Masai Ujiri says people of Toronto inspired him to stay with Raptors
Toronto Raptors president Masai Ujiri has been an iconic figure in the Canadian sports landscape for nearly a decade.
But a tumultuous few years put his status as the head of the Raptors in doubt, including a report that Rogers executive Ed Rogers was looking to oust him in the offseason for being “arrogant” and “overpaid.”
Ujiri was the subject of rumours alluding to his departure from the Raptors’ organization for other teams, with a resume of success that likely could’ve landed him in just about any front office in the league.
Eventually, Ujiri chose to stay in Toronto, inking a long-term contract extension with the team this summer.
When asked what made him stick with the Raptors, Ujiri said the people of Toronto helped influence his decision.
“You see the people; you see how great they are. They’re so loving, they’re so caring, diverse,” Ujiri said in an interview with Daily Hive. “Even though it was hard times, it was important. The relationships you’ve developed not only with people, with the fans, everything with how you interact; it’s important to me and my family.”
On Sunday, Ujiri held his eighth Giants of Africa event, honouring the legacy of South African president Nelson Mandela with a lunch gala at Toronto’s Hotel X.
“It’s so important for us to have everybody together,” Ujiri said of the purpose of the event. “Celebrating Nelson Mandela, first of all, what he was about, and he was about, he was about kindness, he was about selflessness. [This event] is about me bringing people together and giving a sense of hope that things are coming back and celebrating this man. The NBA is back; sports are back. I really feel good about it.”
Ujiri said that the lessons of the COVID-19 pandemic reinforced the importance of kindness for him.
“Sometimes, we’re going to go through those rough patches in life. We all have to stay together,” Ujiri said. “We all have to help each other. As a neighbour, as a brother, and as a teammate, we all have to stick together and sometimes find a way during this time, by this way, and we show kindness, we show hope, and bring people along.”
Ujiri added that he uses Mandela’s leadership as an inspiration in his day-to-day life when dealing with adversity.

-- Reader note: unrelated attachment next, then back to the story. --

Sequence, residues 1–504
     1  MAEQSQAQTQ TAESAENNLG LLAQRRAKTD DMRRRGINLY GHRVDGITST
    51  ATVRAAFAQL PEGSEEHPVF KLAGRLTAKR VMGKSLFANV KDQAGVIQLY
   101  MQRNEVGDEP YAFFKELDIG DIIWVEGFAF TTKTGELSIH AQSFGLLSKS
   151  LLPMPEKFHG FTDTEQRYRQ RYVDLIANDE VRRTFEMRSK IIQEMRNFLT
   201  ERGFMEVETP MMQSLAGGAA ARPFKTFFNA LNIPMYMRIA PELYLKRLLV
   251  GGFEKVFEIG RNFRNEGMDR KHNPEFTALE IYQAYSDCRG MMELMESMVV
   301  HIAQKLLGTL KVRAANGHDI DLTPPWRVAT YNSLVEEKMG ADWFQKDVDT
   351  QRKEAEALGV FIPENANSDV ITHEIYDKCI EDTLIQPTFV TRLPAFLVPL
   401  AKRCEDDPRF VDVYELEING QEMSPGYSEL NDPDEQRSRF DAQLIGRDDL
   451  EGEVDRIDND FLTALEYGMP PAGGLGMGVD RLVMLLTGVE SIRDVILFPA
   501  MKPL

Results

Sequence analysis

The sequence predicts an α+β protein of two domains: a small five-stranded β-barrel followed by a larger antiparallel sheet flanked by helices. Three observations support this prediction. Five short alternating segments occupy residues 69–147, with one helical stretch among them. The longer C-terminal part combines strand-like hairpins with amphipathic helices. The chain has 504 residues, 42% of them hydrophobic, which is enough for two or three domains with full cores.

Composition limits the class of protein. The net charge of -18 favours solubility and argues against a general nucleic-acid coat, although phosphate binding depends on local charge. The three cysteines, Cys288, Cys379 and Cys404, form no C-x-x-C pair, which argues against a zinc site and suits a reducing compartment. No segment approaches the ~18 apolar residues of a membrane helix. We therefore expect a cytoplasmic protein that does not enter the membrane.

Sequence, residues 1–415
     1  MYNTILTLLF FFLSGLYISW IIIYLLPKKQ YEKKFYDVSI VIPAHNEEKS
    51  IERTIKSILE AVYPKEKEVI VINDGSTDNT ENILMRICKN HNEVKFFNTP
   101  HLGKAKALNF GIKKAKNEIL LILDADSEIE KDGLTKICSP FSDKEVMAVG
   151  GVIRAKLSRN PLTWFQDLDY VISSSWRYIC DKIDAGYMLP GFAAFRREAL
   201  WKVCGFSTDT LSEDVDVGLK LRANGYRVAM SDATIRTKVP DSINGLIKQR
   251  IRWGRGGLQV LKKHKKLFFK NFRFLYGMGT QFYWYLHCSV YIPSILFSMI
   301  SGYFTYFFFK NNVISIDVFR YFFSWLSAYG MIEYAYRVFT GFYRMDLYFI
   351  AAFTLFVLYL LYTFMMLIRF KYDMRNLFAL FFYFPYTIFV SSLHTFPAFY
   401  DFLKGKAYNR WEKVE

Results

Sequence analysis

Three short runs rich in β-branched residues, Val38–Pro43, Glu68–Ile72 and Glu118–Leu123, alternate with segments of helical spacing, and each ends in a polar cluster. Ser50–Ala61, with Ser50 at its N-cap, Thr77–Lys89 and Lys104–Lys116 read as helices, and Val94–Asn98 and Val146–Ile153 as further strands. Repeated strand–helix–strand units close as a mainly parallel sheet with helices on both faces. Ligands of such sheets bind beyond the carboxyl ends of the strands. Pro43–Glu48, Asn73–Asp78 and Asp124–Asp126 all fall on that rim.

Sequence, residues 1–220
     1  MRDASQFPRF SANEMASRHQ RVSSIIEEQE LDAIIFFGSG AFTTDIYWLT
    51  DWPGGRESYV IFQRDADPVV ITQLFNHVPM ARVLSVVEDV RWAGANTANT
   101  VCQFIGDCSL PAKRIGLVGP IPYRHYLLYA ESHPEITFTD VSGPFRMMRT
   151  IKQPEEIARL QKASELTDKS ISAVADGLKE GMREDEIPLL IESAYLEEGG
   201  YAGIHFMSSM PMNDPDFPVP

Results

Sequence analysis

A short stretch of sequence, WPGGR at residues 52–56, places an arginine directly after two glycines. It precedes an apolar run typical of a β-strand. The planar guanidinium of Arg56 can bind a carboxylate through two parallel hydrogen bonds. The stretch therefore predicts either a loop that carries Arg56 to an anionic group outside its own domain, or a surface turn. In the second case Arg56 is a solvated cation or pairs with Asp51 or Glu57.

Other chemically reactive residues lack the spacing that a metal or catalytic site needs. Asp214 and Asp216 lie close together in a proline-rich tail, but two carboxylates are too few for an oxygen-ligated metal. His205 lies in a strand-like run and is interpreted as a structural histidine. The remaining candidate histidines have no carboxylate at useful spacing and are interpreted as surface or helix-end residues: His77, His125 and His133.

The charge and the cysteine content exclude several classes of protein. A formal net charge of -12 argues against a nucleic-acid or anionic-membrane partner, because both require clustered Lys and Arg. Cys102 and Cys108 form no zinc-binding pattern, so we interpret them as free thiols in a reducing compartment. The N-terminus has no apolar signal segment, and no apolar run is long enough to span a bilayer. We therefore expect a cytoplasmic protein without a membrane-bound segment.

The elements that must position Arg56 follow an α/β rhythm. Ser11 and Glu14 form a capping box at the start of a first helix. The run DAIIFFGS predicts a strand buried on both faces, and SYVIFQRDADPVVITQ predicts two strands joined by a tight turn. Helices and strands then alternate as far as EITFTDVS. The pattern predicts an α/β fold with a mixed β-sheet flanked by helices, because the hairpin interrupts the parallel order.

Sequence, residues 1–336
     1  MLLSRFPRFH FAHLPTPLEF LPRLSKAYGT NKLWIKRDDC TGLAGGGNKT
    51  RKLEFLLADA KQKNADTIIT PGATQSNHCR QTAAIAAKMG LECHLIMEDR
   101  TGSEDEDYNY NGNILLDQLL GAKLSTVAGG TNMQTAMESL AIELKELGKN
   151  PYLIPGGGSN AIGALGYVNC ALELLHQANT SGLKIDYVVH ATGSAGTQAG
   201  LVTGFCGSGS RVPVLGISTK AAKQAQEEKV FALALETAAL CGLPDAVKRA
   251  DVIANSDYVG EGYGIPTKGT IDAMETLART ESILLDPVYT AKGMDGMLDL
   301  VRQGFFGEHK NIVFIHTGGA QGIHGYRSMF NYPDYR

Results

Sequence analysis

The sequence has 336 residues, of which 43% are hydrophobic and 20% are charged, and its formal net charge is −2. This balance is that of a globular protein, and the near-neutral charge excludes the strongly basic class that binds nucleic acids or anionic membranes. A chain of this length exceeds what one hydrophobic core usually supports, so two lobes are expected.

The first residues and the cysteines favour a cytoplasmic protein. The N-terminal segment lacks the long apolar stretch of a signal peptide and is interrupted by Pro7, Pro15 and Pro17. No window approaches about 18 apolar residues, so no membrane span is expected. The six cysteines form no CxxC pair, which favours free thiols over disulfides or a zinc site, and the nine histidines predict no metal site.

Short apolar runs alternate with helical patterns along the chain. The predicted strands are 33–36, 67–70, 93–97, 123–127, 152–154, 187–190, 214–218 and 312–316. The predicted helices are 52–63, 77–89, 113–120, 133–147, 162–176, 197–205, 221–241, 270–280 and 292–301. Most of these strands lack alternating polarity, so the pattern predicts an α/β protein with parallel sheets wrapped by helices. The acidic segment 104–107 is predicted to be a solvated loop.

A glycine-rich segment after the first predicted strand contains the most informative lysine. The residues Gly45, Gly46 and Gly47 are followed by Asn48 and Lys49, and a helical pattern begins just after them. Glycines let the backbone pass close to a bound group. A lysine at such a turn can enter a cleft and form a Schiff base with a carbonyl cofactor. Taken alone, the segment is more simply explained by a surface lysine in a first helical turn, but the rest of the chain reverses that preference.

“He went through that for 27 years,” Ujiri said, a reference to Mandela’s time spent in South African prison. “We all have to come up and be strong. We all have to have that mentality that things are going to get better.”
Ujiri and Giants of Africa are in the process of building 100 courts across the African continent. For the guests of Ujiri’s in attendance at the gala, the future impact of the courts.
“Think about the amount of lives that are gonna change where they have an outlet to learn, to express their creativity,” Juno Award-winning artist Tobi said. “I think in the future that will be very beneficial to themselves and their neighbourhood. Those courts are going to be empowering.”
Tobi, who was born in Nigeria, where Ujiri grew up, said it was important for him to support Ujiri’s effort to show love to “the diaspora worldwide.”
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“He’s just a really phenomenally active human being and is a friend to everybody,” singer-songwriter Chantal Kreviazuk added of her connection to Ujiri.
Canadian Minister for Women and Gender Equality and Youth Marci Ien shared a story of how she and Ujiri created a program for the students at Dene High School in La Loche, Saskatchewan, where there was a school shooting back in 2016. Ien and Ujiri have since organized annual trips for the students to attend Raptors games and learn more about post-secondary life in Toronto.
“He’s been my partner. We’ve been partners, and that’s why I have seen how he leads by example,” Ien said of the program. “I have seen that this was just outside of the realm of his job with the Raptors; it’s just Masai as a human being, wanting to help those who were in a very pretty bad predicament.”
Ien added that she “loves” the breadth of Ujiri’s off-court impact.
“Not everybody does that, but it speaks to his character and speaks to the man and philanthropist that he is,” Ien added.